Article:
SALE 0920 LOT 110

CHARLES COURTNEY CURRAN

American (1861-1942) 

"WIND ON THE CLIFF" 

oil on canvas board, signed and dated lower right "Charles C. Curran N.A. 1930," 

signed, titled, numbered and inscribed on the reverse "236-5 C.C.C / 39 W 67th St. N.Y. City" 

30 x 40 inches 

Catalog Essay | September 17, 2020 | Lot 110

Charles Courtney Curran was born in Kentucky and raised in Ohio. He first studied at the Cincinnati School of Design before moving to New York City in 1882. In New York City he attended the National Academy of Design (NAD) and the Art Students League. He exhibited his first painting at the NAD in 1883 at 23 years old. From 1888-1891 Curran studied at the Academie Julian in Paris. While abroad, he successfully exhibited works at the Paris Salon and at Durand-Ruel Gallery. 

In 1891, Curran returned to the States where he continued to enjoy success exhibiting at the World’s Columbian Exposition in Chicago, the NAD, Exposition Universelle in Paris, the Pan-American Exposition in Buffalo, the Louisiana Purchase exhibition and many others. He was elected a full Academician in 1904.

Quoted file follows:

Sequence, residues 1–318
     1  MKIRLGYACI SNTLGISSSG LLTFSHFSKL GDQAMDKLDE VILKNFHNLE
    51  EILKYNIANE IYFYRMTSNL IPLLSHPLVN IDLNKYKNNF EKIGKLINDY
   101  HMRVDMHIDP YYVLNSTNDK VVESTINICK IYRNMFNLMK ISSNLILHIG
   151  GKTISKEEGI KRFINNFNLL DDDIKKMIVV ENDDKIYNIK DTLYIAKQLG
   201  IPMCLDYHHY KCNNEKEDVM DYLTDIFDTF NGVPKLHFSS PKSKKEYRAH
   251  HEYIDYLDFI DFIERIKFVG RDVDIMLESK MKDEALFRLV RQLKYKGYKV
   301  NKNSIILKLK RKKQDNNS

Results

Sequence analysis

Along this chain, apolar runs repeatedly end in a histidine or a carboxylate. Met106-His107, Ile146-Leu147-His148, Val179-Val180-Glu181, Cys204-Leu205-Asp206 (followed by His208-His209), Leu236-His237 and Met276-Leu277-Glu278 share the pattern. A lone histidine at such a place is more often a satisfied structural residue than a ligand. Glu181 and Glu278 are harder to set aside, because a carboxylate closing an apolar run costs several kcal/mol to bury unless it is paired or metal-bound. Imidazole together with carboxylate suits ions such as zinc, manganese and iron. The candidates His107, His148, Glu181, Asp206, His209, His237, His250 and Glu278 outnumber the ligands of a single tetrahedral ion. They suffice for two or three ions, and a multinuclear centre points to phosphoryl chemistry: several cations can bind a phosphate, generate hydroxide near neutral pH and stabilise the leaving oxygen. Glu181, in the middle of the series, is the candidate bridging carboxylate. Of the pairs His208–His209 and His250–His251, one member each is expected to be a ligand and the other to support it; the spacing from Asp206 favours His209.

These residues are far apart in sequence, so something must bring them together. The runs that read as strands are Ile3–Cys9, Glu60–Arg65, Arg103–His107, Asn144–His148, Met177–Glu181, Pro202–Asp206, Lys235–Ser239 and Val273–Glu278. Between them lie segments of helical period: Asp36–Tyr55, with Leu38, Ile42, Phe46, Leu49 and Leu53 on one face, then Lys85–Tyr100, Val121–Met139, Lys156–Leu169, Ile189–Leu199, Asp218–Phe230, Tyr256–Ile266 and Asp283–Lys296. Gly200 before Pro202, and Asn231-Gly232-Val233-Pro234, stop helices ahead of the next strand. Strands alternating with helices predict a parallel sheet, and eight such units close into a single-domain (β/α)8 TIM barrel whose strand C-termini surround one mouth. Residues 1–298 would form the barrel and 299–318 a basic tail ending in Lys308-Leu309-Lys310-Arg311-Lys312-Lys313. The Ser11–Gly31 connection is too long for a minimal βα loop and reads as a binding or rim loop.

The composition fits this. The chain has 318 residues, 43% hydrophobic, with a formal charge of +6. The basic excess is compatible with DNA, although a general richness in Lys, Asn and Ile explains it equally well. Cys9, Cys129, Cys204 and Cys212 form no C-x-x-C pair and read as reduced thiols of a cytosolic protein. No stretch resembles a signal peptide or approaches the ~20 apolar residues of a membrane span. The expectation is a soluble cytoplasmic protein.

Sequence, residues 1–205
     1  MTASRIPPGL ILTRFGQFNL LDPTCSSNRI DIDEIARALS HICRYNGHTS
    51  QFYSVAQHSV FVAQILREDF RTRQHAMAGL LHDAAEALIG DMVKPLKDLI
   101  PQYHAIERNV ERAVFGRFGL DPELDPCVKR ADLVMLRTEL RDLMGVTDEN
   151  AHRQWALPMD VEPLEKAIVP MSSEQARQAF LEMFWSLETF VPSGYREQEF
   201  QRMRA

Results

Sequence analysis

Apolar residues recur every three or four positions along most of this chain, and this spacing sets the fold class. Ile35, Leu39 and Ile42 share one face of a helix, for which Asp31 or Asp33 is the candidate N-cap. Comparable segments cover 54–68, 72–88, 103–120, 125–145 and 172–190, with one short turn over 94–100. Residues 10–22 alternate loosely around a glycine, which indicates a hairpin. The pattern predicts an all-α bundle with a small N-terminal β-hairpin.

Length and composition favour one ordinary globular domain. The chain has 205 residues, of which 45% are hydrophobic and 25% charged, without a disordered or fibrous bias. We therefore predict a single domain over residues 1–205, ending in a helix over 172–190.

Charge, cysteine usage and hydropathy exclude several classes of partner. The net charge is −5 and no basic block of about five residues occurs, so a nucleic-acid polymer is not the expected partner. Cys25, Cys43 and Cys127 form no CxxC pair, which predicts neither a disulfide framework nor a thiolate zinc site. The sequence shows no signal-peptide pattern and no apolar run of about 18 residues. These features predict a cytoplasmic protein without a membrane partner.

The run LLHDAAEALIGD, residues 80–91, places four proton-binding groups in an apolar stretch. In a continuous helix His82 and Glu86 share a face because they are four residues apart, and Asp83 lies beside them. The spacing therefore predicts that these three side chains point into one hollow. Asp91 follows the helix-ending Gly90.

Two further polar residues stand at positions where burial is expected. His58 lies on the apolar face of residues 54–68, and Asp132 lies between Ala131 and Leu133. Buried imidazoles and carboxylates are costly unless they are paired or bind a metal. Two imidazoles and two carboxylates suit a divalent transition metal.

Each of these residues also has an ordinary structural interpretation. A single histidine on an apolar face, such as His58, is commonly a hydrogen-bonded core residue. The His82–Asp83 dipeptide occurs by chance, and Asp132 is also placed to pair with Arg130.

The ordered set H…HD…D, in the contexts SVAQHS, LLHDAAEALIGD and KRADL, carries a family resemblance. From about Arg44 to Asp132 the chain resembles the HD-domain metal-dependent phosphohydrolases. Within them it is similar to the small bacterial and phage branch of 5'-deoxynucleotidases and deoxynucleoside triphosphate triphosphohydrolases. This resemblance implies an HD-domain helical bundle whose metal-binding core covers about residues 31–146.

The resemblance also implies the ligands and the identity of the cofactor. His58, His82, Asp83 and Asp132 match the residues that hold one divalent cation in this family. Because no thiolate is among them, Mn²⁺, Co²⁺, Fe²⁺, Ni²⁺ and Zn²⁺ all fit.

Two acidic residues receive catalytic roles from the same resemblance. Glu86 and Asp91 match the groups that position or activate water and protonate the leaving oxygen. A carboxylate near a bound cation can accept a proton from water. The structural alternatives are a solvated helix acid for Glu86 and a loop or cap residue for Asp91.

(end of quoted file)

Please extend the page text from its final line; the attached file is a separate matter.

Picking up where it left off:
For 40 years Curran and his family would summer in Cragsmoor, New York, a growing artist colony since the late 19th century. The artist and his family were very active in the community participating in summer social activities and helping to improve the town. Curran would “load his painting equipment into a child’s red wagon and head off to Bear Hill to work.”[1] 

From 1908-1910 Curran built “Winahdin,” a family summer home in Cragsmoor, New York. It was there that he painted the pastel colored landscapes for which he best remembered, including the present lot. Curran’s best works from his Cragsmoor years feature young, elegant women in bright sunlight. The subjects are typically perched on cliffs set against a dramatic sky. In Wind on the Cliff, a young woman the artist’s daughter Emily) stands with her wrap and skirt blowing in the wind, beside her a younger woman sits perched on the rock (a friend, Gene Lewis). The technique in this painting reprises the technique used in A Breezy Day (collection PAFA) which first brought Curran public notice and acclaim for his depiction of the effect of wind on fabric. 

Curran’s work is in the permanent collections of the Terra Museum of American Art in Illinois, National Museum of Art, Smithsonian Institution in Washington, D.C., The Pennsylvania Academy of Fine Art, the Witte Memorial Museum in Texas, the Fort Worth Art Museum in Texas, the Metropolitan Museum of Art in New York, Vassar College in New York and many other notable public and private collections. 

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